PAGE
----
The Bengals saw how well simplifying the defense worked Sunday.
Head coach Marvin Lewis indicted the offense might be next after he watched the Bengals get flagged for six of their eight pre-snap penalties on that side of the ball. In fact, it was the first thing he said in the heat of the moment following the 15-10 win over the Ravens.
“We’ve got to do a better job of scoring in the red zone. We had a lot of opportunities, and we’re moving in a lot of pieces (in terms of personnel),” Lewis said. “We’ve got to take a look at how we might be killing our own rhythm with a lot of the moving parts we’ve got going on now. I think guys will get better with it as we go, but it can be a little bit unnerving, to me at least, and I’m sure everyone else.”
On Monday, Lewis said he wasn’t talking just about the red zone, but all over the field.
“We’ve got too many things going on, and we’ve just got to get better at it,” Lewis said.
“I don’t think it’s that so much,” said Cook of the moving parts. “It’s just fine-tuning it.”
The Bengals aren’t ignorant of their problems. They spent the offseason looking at the NFL stats that had them one of the top five teams in false starts and the top team in delay of games. And Lewis recruited college officials to work the practices once the season started.
“You can talk to them, but once you get in the heat of the battle things are a little different,” said Cook, who was nabbed for holding defensive tackle Kelly Gregg on a five-yard
Throw in the fact that the umpire is now lining up opposite the referee on the offensive side of the ball instead of on defense and Cook thinks they’re getting a longer, closer look at the offensive line.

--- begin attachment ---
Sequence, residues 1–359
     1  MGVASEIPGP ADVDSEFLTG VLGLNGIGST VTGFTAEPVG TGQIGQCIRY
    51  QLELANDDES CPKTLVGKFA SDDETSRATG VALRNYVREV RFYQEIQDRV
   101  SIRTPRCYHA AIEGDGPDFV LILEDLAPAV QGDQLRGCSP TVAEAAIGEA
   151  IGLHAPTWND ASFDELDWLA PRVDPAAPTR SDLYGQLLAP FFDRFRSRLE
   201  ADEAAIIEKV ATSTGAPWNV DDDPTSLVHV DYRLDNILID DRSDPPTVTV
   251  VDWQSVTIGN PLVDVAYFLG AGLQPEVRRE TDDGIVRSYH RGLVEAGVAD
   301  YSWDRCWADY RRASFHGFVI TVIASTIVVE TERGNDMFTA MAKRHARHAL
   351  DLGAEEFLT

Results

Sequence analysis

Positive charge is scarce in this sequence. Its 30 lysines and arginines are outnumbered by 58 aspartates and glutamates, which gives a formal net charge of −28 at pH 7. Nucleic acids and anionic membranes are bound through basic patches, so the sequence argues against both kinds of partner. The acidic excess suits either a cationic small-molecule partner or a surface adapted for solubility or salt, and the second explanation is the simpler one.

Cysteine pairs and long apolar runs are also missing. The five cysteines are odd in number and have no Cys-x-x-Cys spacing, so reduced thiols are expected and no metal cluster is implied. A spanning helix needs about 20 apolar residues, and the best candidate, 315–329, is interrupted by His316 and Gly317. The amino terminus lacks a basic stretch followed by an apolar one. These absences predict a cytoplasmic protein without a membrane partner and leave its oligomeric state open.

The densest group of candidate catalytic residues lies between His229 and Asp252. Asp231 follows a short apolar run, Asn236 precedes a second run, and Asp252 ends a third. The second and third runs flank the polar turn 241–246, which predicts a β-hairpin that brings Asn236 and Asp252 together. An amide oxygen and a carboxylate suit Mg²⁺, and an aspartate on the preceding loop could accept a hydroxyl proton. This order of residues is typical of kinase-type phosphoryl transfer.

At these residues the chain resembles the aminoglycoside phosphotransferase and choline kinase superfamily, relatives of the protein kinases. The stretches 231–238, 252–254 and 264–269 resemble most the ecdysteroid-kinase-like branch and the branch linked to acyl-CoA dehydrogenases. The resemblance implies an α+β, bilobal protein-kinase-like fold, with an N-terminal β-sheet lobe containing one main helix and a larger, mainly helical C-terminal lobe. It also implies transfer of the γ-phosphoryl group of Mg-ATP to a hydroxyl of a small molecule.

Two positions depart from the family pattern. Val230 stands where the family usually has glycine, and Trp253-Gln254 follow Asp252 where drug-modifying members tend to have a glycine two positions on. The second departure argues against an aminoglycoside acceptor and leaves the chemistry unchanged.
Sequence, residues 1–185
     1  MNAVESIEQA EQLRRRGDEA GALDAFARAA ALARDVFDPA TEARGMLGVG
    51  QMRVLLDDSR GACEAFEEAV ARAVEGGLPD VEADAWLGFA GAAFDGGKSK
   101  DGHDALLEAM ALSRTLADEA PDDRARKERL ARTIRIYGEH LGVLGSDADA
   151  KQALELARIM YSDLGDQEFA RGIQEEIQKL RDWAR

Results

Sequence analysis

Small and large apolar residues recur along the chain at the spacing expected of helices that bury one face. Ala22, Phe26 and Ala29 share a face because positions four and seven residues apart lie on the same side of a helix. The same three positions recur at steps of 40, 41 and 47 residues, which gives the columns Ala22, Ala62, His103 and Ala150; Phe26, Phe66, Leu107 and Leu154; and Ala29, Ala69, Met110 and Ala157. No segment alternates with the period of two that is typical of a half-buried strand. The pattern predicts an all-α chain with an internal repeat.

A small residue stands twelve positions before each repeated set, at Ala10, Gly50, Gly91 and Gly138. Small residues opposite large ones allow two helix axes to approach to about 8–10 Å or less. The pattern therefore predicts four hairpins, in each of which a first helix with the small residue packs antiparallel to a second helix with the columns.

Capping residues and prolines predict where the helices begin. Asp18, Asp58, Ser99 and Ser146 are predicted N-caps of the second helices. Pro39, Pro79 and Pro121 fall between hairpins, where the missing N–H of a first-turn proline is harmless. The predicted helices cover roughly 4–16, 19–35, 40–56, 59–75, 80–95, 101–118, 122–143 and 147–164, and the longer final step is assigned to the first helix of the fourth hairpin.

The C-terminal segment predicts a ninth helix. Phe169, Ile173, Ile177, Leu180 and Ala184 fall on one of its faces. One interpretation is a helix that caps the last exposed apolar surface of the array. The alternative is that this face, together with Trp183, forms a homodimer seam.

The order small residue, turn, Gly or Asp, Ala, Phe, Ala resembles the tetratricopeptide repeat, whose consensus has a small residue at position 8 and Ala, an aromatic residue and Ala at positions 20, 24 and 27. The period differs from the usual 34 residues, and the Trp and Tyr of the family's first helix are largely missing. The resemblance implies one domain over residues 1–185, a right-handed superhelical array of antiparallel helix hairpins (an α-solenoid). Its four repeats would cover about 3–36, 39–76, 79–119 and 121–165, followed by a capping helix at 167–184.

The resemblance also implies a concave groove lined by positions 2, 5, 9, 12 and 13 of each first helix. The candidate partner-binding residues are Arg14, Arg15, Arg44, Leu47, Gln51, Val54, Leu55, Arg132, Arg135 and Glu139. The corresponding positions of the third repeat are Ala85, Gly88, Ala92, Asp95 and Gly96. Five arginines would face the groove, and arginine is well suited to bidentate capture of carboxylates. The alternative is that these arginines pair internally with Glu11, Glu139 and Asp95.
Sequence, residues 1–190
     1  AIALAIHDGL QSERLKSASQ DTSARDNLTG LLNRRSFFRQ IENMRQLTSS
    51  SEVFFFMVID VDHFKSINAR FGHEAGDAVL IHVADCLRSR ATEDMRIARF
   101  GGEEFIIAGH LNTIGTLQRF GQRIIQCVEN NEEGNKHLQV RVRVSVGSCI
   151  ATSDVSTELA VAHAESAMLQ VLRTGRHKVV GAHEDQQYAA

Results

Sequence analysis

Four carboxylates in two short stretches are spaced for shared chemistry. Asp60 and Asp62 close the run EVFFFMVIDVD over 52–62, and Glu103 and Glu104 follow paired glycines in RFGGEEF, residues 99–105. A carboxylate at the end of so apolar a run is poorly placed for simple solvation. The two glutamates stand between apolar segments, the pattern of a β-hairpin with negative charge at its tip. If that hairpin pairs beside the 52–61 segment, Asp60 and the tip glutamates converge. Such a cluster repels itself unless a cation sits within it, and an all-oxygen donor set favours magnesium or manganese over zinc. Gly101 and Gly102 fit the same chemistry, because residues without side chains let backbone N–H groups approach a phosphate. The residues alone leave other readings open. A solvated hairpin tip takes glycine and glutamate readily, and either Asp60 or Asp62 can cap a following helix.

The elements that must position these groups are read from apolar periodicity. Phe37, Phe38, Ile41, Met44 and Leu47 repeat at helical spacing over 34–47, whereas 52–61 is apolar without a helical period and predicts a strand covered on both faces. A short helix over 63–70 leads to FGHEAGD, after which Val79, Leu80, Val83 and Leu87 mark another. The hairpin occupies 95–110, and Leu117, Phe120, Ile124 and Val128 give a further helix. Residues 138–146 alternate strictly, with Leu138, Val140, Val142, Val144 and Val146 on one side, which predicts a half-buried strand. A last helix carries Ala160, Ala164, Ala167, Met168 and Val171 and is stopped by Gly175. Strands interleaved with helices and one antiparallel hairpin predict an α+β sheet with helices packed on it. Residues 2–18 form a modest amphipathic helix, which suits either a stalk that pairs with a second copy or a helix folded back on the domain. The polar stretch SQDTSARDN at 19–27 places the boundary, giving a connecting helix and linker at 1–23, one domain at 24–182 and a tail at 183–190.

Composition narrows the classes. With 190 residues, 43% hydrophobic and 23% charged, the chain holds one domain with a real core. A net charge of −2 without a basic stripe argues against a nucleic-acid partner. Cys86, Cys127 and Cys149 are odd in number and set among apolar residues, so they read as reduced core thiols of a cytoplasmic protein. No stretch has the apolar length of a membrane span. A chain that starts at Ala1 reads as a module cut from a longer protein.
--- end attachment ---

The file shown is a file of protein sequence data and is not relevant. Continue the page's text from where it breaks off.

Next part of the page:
“Sometimes the hands slip. You think you’ve got a guy really good, but you don’t,” Cook said. “I thought I had him really good. I stopped my feet. He went to the outside. I pushed him. But the way they put the ref in the backfield now, they’re able to see a little bit more than they’re used to seeing. The false starts, the delay of games, we just have to work better at communication and make sure we’re on top of it.”
The holding calls on Cook and rookie tight end
“It’s an option,” Whitworth said of possibly cutting back. “I think they’re just little hiccups here and there. We’re doing some different things and we’re going to get better at them.”
For instance, Whitworth said he was called for an illegal formation in the red zone when he was left uncovered at the end of the offensive line: “The formation set was wrong. That’s a new look that’s going to help us. We’re looking at things that are going to make us more effective.”
Cook said one of his mistimed snaps came in the red zone “with our crowd getting pumped up” when he had trouble hearing Palmer calling the signals from the shotgun behind him instead of right over him on a direct snap, and it resulted in a pitch to Scott getting waved off.
“It was one of those things. We just have to lock it in. We have to take advantage that we’re at home,” Cook said. “We don’t need to use the silent count. It’s a lot of those little things. As long as we don’t make the same mistake twice, we’ll keep getting better.
“Sometimes, especially when you have a defense like Baltimore across from you and they’re barking their calls out and Ray (Lewis) is trying to get everybody lined up and they’re yelling, it’s kind of hard just to hear. But it’s one of those things on me that I take full responsibility. I just have to key in to (Palmer). It’s just something you have to learn from.”
Lewis isn’t going to let it go this week. He indicated it is going to remain a point of emphasis. The head coach doesn’t like to be unnerved.
“We have to clean those things up,” he said Monday of the flags. “They took us out of position to score touchdowns – we would have walked in on one play, and that’s unfortunate. You can’t do those things. You put yourself out of sequence when you’re starting first-and-15, or second-and-10 after you were second-and-five, or second-and-12.
“It changes the dynamics of the game, the dynamics of the playcalling, how quickly the ball has to get out of the quarterback’s hands and all those things. The timing gets all thrown off.”